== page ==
Common Cold in Children - Symptoms, Prevention & Treatment
Health Education

Dealing with Common Cold in Children

Dr.Surya Rao Poodipeddi profile Authored by Dr.Surya Rao Poodipeddi on 7 Nov 2014 - 13:19.

Colds in infants are an integral part of what adults get in their lifetimes. The principal cause for cold in infants, like in adults is a virus. The infant can develop immunity to only one type of about 200 varieties of viruses, which can cause common cold at a time. 

The growing infant tries to explore by touching everything and therefore can easily pick up a virus on her hands. As the virus settles down it sets a shop in her nasal passages. As cold sets in, the child becomes miserable for a couple of weeks with repeated sneezes and running of nose. Even if the child puts her contaminated hand into her mouth there is no worry.Only when the nose gets infected does the cold set in.

During winter season the child is kept in warm surroundings and covered with protective clothing. The nasal mucous membranes get dry making it ideal for the viruses to invade. During cold seasons, the virus can easily transfer from one person to another.Statistics reveal that colds are more common in children left in daycare by working parents and these kids get more colds, ear infections, runny noses and other respiratory disorders than children taken care in the home.

Even those who are at home may get colds about 5 to 10 times during their first year of life. As the child grows older the number becomes less and less making it to roughly 3 times a year during teenage.

Flu symptoms: If your child has low-grade fever, a runny nose, mild chills and a dry cough particularly during winter season, then it could be that your child has flu. If the fever comes after congestion in the nose it is more likely that your child has common cold. A child with flu may also have nausea, vomiting and diarrhea.

Allergy symptoms: Watering and itching in the eyes are strong symptoms of an allergy together with repeated sneezing and itching ofthe skin. The mucous coming from the nose will be watery and runs clear. An allergic cold is not associated with fever.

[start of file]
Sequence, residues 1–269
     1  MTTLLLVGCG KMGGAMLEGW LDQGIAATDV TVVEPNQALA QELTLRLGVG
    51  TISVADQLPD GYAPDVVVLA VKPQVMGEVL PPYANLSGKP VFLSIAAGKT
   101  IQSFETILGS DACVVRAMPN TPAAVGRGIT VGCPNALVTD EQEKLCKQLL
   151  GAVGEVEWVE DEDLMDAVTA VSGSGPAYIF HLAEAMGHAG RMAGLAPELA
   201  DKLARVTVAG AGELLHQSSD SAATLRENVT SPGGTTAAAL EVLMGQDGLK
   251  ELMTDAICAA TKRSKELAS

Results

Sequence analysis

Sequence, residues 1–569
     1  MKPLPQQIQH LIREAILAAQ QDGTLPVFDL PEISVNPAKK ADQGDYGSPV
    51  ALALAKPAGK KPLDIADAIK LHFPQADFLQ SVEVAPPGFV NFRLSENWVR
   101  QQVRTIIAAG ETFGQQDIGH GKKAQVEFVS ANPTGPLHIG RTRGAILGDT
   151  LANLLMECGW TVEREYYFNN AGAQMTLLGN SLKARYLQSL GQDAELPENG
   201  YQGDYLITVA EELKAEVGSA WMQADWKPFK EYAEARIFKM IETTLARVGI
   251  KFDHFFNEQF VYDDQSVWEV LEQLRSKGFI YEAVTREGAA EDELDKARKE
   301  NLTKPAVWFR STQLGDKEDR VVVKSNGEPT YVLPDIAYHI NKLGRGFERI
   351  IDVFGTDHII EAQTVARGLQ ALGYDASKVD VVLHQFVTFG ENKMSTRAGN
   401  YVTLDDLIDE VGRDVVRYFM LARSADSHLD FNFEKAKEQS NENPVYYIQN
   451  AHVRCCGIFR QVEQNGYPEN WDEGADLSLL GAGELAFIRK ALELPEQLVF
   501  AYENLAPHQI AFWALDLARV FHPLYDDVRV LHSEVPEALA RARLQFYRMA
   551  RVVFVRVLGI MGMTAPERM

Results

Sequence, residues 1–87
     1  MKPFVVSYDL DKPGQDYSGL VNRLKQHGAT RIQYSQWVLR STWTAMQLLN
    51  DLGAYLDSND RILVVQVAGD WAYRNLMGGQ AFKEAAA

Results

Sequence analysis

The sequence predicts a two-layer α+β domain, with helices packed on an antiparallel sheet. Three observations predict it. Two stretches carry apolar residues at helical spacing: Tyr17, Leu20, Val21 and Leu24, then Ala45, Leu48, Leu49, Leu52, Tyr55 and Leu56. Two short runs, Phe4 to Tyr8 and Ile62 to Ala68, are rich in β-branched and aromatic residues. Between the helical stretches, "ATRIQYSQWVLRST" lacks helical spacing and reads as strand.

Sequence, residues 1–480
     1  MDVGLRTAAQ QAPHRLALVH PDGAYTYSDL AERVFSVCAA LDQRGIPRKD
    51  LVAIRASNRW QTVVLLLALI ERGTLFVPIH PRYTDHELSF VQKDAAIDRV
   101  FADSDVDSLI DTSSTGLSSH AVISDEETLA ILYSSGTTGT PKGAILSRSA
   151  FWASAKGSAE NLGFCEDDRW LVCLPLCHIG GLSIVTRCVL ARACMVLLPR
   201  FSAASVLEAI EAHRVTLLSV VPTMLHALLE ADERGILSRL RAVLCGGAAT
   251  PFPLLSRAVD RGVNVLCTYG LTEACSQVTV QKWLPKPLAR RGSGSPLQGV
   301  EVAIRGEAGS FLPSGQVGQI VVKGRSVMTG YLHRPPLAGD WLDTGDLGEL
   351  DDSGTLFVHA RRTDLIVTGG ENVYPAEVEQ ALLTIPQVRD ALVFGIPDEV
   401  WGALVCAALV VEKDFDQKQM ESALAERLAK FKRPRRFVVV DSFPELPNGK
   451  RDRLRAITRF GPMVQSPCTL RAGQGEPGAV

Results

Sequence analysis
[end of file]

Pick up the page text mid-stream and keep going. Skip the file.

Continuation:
Bacterial Infections: If the child has atemperature of around 100 to 101 degrees F and the child is under 3 months of age, you must call a doctor to rule out any bacterial infections, which if present needs immediate treatment.

Never give an across-the-counter medications to children under 4 months. Babies with cold must be given adequate rest in the cradle or bed and proper care taken to maintain adequate hydration with plenty of fluids.

Take a doctor’s advice if you can give acetaminophen drops for fever. The doctor normally advises you to hold on drugs till he sees the child because any medicine given before examining him might mask the signs and symptoms of an impending problem. Never give aspirin to your baby since it might make the child susceptible for a dangerous disease called Reye’sSyndrome.

Help the child to blow the nose (if under 4 years of age), through simple methods like tipping thebaby’s head back and putting few saline drops in the nostrils and suctioning it out with a rubber suction bulb. The bulb is squeezed and the tip put in the nostril and the bulb is released which brings into it the liquid collections, which can be squeezed out.

Don’t use nasal sprays unless specifically ordered by a doctor. Steam inhalation is the best choice. Since the baby is too small you need to boil some water in a bathroom letting the steam out and take the child in and close the door and stay there for 15 minutes. The baby automatically inhales the steam. It gives great relief. However take care to prevent accidental fall of boiling water. Try to put the baby in an upright position for easy dribbling of nasal collections.

Finally watch carefully for the following:

* If you notice that your baby has fever which is in excess of 101 degrees F for more than 3 days it means she has infection.

* If she passes thick sticky yellowish or green mucus for more than 10 days it might mean a sinus infection.

* If her cough increases and she has a wheeze and she starts gasping it means she has pneumonia or viral respiratory syndrome, which can turn serious in, kids younger than one year.

* If she rubs her ears and cries during feeds, it could mean a bacterial ear infection. If you notice any of these, take prompt action and visit a doctor.

Be careful with visitors in terms of cleanliness for the child. Make sure the visitors leave the shoes outside, wash their hands if they want to handle the child, avoid handling thechild if they themselves have cold and so similarly with daycare personnel, if the child is under their care.

Breastfed babies are less susceptible forinfections than bottle-fed babies because breast milk has the necessary antibodies to fight against germs.

*Disclaimer This is not medical advice. The content is for educational purposes only. Please contact your doctor for any health care issues.